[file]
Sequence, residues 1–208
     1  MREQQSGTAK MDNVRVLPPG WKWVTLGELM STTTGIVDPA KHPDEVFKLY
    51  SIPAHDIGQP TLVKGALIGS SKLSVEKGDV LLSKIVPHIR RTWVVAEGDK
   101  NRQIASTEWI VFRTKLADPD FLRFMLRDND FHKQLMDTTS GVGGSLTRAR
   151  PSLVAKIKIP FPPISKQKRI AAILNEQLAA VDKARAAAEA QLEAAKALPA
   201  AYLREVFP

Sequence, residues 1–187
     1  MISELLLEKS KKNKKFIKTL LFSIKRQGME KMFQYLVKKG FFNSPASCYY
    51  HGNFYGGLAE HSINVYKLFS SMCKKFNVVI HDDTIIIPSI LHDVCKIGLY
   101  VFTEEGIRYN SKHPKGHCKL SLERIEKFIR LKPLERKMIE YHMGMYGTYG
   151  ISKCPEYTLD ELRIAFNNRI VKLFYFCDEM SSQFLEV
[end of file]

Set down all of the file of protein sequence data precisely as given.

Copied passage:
Sequence, residues 1–208
     1  MREQQSGTAK MDNVRVLPPG WKWVTLGELM STTTGIVDPA KHPDEVFKLY
    51  SIPAHDIGQP TLVKGALIGS SKLSVEKGDV LLSKIVPHIR RTWVVAEGDK
   101  NRQIASTEWI VFRTKLADPD FLRFMLRDND FHKQLMDTTS GVGGSLTRAR
   151  PSLVAKIKIP FPPISKQKRI AAILNEQLAA VDKARAAAEA QLEAAKALPA
   201  AYLREVFP

Sequence, residues 1–187
     1  MISELLLEKS KKNKKFIKTL LFSIKRQGME KMFQYLVKKG FFNSPASCYY
    51  HGNFYGGLAE HSINVYKLFS SMCKKFNVVI HDDTIIIPSI LHDVCKIGLY
   101  VFTEEGIRYN SKHPKGHCKL SLERIEKFIR LKPLERKMIE YHMGMYGTYG
   151  ISKCPEYTLD ELRIAFNNRI VKLFYFCDEM SSQFLEV